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Object Lessons - JavaScript

javascriptForm validation can help to reduce the amount of bad data that gets saved to your database. In this article, find out how you can write a simple JavaScript form validator for basic client-side validation, and learn a little bit about JavaScript OOP in the process as well.

  1. Form Validation with JavaScript
  2. Check Point
  3. Object Lessons
  4. Rock On
  5. Hammer Time
  6. How Things Work
  7. A Little Space
  8. Expressing Yourself
  9. Under Construction
  10. A Quick Snack
By: Nariman K, (c) Melonfire
Rating: starstarstarstarstar / 464
December 01, 2003

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Before we get into object construction, a quick primer is in order, for all of you who are new to the weird and wonderful world of objects.

In JavaScript, an "object" is simply a set of program statements which perform a specific task; they lay down the basic rules for an object, specifying what it can and cannot do. A typical object constructor contains both variables and functions, and serves as the template from which to spawn specific instances of that object.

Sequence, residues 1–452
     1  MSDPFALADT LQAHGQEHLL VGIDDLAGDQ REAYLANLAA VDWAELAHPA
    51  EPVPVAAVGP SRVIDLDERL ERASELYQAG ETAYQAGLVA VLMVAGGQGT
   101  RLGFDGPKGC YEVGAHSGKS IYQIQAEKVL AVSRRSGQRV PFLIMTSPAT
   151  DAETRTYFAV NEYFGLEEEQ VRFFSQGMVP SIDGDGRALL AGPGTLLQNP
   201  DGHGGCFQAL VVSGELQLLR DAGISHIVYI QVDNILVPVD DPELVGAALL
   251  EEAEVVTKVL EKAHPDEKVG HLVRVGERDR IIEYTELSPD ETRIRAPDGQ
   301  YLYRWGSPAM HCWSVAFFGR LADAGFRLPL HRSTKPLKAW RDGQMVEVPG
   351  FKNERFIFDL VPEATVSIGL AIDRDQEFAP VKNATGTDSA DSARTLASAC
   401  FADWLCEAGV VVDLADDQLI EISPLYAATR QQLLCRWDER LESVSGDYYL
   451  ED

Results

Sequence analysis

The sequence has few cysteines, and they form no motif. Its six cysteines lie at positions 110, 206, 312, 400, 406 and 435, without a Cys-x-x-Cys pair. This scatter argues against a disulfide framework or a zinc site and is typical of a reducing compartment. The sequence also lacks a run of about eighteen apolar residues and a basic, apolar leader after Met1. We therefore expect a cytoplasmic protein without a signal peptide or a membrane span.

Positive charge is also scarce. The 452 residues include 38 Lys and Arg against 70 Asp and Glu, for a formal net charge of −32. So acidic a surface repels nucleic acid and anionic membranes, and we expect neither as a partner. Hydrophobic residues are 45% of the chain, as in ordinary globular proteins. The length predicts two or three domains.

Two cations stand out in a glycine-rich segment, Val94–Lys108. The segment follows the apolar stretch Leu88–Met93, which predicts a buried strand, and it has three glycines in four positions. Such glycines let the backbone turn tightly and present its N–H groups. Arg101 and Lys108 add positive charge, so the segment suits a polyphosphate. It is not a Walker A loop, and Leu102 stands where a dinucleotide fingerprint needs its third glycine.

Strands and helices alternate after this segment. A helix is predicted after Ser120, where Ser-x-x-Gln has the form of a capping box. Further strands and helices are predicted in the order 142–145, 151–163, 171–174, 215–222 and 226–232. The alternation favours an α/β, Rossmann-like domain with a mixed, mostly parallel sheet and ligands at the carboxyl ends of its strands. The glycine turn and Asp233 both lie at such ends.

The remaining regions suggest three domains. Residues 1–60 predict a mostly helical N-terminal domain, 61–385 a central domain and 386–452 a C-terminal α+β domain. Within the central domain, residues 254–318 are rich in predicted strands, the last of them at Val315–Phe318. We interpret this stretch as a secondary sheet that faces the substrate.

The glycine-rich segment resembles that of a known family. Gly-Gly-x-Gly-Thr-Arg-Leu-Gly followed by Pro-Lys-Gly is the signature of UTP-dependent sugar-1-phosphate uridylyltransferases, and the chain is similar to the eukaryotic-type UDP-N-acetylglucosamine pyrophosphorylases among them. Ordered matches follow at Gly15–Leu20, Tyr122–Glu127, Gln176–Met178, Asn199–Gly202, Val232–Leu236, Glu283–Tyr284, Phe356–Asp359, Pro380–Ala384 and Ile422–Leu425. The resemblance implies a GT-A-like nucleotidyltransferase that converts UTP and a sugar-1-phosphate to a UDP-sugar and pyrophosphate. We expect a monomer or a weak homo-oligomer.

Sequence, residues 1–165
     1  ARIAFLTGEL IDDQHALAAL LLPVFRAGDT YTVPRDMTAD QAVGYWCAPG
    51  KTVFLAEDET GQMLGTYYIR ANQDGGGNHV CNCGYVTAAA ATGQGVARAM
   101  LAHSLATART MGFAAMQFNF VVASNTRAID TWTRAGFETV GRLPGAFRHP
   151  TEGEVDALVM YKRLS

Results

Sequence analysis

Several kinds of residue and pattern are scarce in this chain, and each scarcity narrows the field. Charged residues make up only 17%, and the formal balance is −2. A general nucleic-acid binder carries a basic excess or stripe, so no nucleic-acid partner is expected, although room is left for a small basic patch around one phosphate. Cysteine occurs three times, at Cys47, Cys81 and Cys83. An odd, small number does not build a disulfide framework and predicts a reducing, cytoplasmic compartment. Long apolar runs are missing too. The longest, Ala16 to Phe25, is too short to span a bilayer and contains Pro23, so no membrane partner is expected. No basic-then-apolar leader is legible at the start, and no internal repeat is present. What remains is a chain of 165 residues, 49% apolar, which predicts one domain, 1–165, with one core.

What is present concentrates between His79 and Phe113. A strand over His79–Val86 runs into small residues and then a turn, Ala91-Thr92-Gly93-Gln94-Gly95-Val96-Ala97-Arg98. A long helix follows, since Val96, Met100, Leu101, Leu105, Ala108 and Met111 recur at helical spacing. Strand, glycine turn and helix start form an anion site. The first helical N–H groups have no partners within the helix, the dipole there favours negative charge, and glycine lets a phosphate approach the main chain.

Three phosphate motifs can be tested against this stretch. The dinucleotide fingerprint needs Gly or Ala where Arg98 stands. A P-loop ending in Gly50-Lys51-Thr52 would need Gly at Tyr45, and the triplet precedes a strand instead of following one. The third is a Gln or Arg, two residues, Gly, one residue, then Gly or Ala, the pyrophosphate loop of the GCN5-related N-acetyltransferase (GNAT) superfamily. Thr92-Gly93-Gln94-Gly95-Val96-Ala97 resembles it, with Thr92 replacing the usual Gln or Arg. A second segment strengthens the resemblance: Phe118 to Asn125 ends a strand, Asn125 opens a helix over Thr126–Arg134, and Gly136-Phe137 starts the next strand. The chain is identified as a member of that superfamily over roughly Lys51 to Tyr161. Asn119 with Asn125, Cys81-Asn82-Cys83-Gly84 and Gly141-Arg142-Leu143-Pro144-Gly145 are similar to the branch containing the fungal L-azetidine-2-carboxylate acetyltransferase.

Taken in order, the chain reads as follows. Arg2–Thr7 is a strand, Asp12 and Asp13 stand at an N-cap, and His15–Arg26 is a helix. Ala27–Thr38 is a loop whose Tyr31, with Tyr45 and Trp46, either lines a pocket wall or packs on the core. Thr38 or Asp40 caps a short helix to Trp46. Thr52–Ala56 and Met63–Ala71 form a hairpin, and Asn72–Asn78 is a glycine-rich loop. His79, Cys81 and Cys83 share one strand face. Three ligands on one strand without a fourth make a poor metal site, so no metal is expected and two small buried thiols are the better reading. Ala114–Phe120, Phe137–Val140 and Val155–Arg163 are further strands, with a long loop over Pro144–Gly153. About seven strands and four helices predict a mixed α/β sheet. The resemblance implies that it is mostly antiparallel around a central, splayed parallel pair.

Every object constructed from the template has certain characteristics, or "properties," and certain pre-defined functions, or "methods." These properties and methods of the object correspond directly with the variables and functions within the object definition.

Once an object has been defined, JavaScript allows you to spawn as many instances of the object as you like. Each of these instances is a completely independent object, with its own properties and methods, and can thus be manipulated independently of other objects.

Now, you're probably wondering whether this is a little redundant, since JavaScript also allows you to create your own functions and use them wherever required in your code. And you're correct, to some extent; if you're only planning to spawn a single object, a function will work just as well.

But there are situations where you need to spawn more than one instance of an object - for example, multiple menu trees, multiple image swaps, or multiple ticker tapes. In such a situation, objects are preferred, since each instance comes with its own variables and functions, and thus can be manipulated without affecting other variables within the program.

Objects also help you keep your code modular - you can define an object constructor in a separate file, and include that file only in the pages where you plan to use the object - and simplify code changes, since you only need to edit a single file to add new functionality to all your spawned objects.

>>> More JavaScript Articles          >>> More By Nariman K, (c) Melonfire

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